At the same time, as a military state with a particular emphasis on masculinity, the Indonesian government spent a great deal effort defining gender roles — in particular in the context of the family. It was during this period that the family became seen as the smallest unit in national governance with the father at the head and mother in a supporting and nurturing role (Suryakusuma, 2011). References to these roles commenced from the late 1960s onwards, however, around this time the growth of a consumer market also placed other more sensuous forms of sexuality in the public eye. While the government at times sought to control these through censorship, the task was by no means easy. It was thus that the Indonesian government arguably found itself struggling to reconcile between two visions of the state. On the one hand the idea of the productive family, but on the other the sensuous provocation of media images of women in particular.

Wadam were both a part of this sensuous provocation and as early reports of gender reassignment surgery proclaimed, a wonder of modern science. As such, the media most often translated ideas from psychology and surgical technologies as providing the ability to make “…laki laki komplit dan wanita sempurna” (Tempo, 13 Okt 1973). Such efforts by scientists, psychologists and doctors to clarify their position towards wadam were pivotal to providing the translation and interpretation of new ideas about sex more generally in Indonesia.

 

Wanita-Adam: wadam and waria

Prominent scholar Arief Budiman heralded the arrival of the new category wadam in January 1969 in decidedly scientific language on the front page of the Kompas newspaper (Kompas, 16 January 1969: I & III). He defined the category wadam as follows:

Men who take the role of women and its opposite, women who take the role of men. This type of person who is usually categorized as wadam, or in the past has been introduced with the term banci. Within the psychology of the abnormal, this is known by the expression transvestitism. The meaning of transvestitism is limited to those who like to where the clothes of those of the opposite sex, whether that be men who like to wear women’s clothes, or women who like to wear men’s clothes. Then, it is also the case that many of these transvestites do indeed practice homosexual behavior, even if not all.

Then it seems appropriate to say that what we mean by wadam is those who are transvestites, those who achieve satisfaction by behaving as people of the opposite sex. And transvestites or wadam, there whose behavior is limited to just wearing the clothes, and there are those who end up having sexual relations with those of the same sex.

As such, it was discussion of scientific developments in understandings in sexuality, intersex and gender that remained central to the development of the category wadam.  All the while, these were underscored by a dominant discourse of heterosexuality and reproduction that was an obsession of the Suharto government (Suryakusuma 1996).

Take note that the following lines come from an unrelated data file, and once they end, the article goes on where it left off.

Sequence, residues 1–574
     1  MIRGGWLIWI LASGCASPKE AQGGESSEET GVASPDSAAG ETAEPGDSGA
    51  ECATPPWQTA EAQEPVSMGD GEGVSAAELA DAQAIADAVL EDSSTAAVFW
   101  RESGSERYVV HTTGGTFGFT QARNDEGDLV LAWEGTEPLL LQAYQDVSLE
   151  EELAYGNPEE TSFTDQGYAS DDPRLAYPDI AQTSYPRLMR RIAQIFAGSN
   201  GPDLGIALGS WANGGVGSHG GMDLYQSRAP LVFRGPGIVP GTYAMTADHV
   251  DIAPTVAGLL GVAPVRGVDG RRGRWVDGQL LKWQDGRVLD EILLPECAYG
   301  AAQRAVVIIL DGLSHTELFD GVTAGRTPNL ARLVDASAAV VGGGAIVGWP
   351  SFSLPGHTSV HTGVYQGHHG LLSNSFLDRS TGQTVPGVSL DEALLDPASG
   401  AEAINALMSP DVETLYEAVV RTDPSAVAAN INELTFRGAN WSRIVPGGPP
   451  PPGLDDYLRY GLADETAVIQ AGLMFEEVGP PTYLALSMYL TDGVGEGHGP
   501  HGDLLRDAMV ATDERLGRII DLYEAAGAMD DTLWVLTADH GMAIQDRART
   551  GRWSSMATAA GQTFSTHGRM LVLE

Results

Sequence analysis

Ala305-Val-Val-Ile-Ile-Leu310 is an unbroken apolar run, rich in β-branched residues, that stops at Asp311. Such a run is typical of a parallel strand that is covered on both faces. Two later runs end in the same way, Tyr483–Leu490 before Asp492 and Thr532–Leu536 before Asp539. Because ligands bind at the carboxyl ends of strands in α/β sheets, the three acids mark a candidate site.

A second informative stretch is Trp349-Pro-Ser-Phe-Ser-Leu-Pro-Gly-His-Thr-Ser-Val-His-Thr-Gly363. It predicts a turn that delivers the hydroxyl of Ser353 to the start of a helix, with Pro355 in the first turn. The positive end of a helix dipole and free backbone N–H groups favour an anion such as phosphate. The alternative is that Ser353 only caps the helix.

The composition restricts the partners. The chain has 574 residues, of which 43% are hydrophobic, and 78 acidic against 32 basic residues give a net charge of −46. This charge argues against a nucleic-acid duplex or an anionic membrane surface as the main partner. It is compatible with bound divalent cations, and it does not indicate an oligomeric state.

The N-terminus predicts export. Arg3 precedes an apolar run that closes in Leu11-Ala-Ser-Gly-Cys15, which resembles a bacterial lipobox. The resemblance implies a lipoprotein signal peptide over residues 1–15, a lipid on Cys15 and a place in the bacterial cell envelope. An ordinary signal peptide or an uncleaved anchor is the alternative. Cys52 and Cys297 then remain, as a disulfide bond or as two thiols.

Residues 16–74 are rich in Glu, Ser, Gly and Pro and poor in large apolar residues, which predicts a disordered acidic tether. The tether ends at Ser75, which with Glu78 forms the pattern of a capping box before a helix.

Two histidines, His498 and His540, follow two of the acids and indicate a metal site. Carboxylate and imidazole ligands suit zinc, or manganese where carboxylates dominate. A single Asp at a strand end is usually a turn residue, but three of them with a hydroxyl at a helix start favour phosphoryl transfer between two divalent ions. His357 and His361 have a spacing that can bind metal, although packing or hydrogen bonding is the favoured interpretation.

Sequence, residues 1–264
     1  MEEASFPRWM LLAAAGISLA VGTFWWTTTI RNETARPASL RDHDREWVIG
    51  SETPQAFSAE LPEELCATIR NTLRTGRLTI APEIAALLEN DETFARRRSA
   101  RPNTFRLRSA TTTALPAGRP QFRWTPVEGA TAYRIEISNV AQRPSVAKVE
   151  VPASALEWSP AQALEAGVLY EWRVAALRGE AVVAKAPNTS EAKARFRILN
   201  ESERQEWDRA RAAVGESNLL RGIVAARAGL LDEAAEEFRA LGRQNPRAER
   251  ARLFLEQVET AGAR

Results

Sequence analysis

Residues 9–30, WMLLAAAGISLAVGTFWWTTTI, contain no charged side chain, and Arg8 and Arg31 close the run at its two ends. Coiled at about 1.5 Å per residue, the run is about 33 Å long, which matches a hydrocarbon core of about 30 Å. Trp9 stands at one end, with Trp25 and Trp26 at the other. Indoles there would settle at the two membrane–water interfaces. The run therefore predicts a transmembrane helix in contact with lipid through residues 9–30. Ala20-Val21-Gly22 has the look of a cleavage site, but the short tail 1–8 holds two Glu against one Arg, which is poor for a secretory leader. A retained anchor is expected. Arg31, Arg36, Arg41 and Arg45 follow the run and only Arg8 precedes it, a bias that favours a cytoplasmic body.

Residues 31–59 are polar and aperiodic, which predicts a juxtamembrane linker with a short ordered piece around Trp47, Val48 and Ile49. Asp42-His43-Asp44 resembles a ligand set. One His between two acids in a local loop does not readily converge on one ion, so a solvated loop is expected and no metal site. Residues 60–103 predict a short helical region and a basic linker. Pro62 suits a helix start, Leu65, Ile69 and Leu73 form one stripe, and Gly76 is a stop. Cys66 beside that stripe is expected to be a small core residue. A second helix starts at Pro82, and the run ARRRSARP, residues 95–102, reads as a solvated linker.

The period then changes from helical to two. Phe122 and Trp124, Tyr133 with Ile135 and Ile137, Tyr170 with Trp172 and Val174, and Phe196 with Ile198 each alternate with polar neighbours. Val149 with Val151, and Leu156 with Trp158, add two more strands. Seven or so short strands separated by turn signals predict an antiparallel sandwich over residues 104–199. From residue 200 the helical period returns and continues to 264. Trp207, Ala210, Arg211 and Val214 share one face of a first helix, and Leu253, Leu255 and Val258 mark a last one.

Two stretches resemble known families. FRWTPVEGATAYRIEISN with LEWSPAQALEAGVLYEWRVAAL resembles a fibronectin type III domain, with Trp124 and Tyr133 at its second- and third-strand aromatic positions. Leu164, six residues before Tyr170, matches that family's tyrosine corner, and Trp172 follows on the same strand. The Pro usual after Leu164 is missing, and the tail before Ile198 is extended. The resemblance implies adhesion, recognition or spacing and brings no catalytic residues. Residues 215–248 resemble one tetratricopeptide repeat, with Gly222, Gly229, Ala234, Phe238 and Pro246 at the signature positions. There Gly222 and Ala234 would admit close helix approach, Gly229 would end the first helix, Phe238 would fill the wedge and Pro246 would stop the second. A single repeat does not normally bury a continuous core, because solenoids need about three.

These tended to draw on a combination of globalized theories of intersex. Robert Stoller’s theory of “gender identity” was extremely influential, initially translated as identitas gender (Majalah Kesehatan, No. 37, 1973: 80-89) but gaining traction in the popular realm as the idea of an underlying immutable set of characteristics that defined either men or women. Theories of “gender identity” also encountered Islamic and Indonesian ideas about gender at this time. For instance, the expression kodrat has come to take on a relatively stable meaning in the realm of the state and popular gender ideology which appears close to Stoller’s definition of “gender identity.” As such, the various categories and theoretical developments that emerged around the figure wadam were to have a lasting impact on defining gender and sexuality in Indonesia.

By 1973 the popular engagement of Vivian Rubianti’s gender reassignment surgery was enough to provoke enough interest in a number of government-endorsed events including a major seminar on gender reassignment surgery. This led to the establishment of a law, and the preparation of a number of hospitals capable of undertaking the surgery, as well as broader calls for support.

American psychologist and sexologist John Money’s theory of “genital unfinishedness” was translated as a way to justify medical interventions on intersexed bodies, commonly translated as hermaphroditism in Indonesia. This is apparent from the language used to and the initial lack of clarity in defining a difference between surgical intervention for intersex and transsexuality. By all accounts these two groups were seen as somehow related throughout the 1960s and most of the 1970s. The first law of 1979 covered both transsexuality and intersex.[3]

Early reports even questioned the possibility for wadam to have children — the ultimate mark of womanhood. This remained a major issue for whether or not wadam could be perfect women: as the cases of Vivian Rubianti (Tempo, 6 October 1973: 46-47, 49-50) and Netty Irawati (Kompas 15 Agustus 1975: I & XII) made clear, in not being able to have children their womanhood was partially compromised.

From the late 1970s onwards a greater emphasis was placed on defining intersex as a separate category from transsexuality. A fatwa was released by MUI shortly after in 1980 which translated banci as khuntsa, declaring gender reassignment surgery unacceptable.[4] The last legal transformation took place in 1989 with an updated ministerial decree that changed only the title of the law. The term “penggantian” [to change] (for transsexuals) was replaced with “penyesuaian” [to adapt] (for intersexed), vaguely implying—but not explicitly stating—gender reassignment surgery for banci or wadam is unacceptable.